Young people transitioning out of foster care at age 18 or 19 face a difficult road. As they leave an unstable childhood, many of the services provided to minors are no longer available to them. Yet as adults they are often totally alone and without guidance. Phillip Crandall, Director of the Humboldt County (California) Department of Health and Human Services, writes that former foster youth are more likely than others their age to end up incarcerated, unemployed and/or homeless. But Humboldt County offers an illustration of how transition-aged youth themselves can help ensure that county services designed to assist them are effective.
In 2008 Humboldt County established the Humboldt County Transition Age Youth Collaboration (HCTAYC) with the goal of building "an effective, responsive, and youth-informed system of care for transition-age foster youth." The HCTAYC advised the county that real youth engagement meant more than a seat at the table. It meant the county needed to change its culture to one that encouraged and respected youth voices in meetings and decision-making. It meant creating an environment in which youth were viewed as partners.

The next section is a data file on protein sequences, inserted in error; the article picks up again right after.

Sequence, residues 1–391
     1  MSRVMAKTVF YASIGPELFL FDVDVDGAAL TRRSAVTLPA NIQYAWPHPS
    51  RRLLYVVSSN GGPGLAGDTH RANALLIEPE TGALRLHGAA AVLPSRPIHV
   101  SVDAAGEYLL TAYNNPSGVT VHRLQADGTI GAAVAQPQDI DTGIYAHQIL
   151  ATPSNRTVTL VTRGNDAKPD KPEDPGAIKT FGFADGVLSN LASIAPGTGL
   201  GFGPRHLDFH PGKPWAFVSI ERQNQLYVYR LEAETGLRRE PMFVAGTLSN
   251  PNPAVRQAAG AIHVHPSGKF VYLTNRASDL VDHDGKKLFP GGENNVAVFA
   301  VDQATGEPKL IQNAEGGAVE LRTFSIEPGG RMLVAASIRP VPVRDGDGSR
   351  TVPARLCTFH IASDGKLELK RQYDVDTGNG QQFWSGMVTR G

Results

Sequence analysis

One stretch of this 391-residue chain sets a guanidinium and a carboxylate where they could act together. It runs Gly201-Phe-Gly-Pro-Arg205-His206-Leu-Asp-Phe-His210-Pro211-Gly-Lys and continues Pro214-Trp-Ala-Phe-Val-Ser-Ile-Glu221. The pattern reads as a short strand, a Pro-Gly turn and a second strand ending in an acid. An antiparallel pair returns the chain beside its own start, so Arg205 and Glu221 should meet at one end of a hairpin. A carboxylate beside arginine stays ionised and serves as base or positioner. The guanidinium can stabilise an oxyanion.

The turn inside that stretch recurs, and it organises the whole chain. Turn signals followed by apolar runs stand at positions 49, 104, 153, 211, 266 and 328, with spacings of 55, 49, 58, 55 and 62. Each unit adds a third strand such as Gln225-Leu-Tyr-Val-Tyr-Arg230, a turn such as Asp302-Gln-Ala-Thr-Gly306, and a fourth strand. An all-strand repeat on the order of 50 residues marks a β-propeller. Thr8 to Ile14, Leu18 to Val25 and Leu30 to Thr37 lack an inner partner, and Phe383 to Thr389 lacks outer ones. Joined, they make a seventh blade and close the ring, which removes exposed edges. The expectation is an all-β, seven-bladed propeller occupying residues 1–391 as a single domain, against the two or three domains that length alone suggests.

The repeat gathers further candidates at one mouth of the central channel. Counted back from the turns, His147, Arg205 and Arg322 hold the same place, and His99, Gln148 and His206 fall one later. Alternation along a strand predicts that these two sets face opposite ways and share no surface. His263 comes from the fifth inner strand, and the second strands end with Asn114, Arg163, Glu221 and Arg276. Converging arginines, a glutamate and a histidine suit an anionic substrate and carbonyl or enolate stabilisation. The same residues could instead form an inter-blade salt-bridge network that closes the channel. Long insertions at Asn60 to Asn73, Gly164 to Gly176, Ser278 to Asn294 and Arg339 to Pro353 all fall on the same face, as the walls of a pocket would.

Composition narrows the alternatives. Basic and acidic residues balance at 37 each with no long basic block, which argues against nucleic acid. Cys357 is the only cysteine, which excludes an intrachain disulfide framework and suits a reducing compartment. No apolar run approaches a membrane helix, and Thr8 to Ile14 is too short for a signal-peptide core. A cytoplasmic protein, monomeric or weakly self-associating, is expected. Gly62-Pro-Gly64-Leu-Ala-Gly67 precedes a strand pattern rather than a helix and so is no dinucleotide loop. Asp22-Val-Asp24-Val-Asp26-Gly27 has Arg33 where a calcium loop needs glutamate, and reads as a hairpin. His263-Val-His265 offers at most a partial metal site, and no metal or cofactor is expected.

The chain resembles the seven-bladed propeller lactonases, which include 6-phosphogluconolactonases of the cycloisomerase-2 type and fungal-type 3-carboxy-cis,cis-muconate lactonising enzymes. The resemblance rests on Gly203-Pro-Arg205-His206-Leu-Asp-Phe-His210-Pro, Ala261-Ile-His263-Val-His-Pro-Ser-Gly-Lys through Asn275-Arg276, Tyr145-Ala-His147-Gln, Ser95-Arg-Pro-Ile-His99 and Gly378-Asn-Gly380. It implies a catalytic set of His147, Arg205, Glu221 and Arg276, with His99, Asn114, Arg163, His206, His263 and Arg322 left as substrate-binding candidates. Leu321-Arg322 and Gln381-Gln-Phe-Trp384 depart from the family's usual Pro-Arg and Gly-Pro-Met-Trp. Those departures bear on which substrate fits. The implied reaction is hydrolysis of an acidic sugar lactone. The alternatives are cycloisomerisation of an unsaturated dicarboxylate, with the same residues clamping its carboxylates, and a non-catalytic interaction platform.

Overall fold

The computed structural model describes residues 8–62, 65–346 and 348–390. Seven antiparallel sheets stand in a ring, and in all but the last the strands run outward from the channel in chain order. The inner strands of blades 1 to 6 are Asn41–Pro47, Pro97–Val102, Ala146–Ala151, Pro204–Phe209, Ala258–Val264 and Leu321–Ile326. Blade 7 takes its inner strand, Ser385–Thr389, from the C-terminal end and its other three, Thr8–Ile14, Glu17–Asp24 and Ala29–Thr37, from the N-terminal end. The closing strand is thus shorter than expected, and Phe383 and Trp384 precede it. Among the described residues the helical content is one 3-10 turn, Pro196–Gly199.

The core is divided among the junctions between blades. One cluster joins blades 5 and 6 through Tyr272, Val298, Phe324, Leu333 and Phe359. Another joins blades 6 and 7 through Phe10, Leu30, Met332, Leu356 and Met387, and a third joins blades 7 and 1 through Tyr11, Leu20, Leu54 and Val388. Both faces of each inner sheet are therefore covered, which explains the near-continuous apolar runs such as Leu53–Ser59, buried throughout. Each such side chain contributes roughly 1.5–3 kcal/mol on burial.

Since 2008 the HCTAYC has developed policy recommendations to improve mental health services for transition-age youth at the county's psychiatric health facility, children's center and crisis line, and testified before the State Assembly Select Committee on Foster Care. The county's mental health board now includes two youth members. HCTAYC also provides training in leadership and decision-making to other youth, and members attend state and national conferences to develop their skills and increase their knowledge of policies that affect children and youth.
The HCTAYC website includes some excellent resources, including "Committing to Youth Engagement: Creating an Environment that Encourages and Respects Youth Voices in Meetings and Decision-Making," which briefly covers many best practices for youth participation.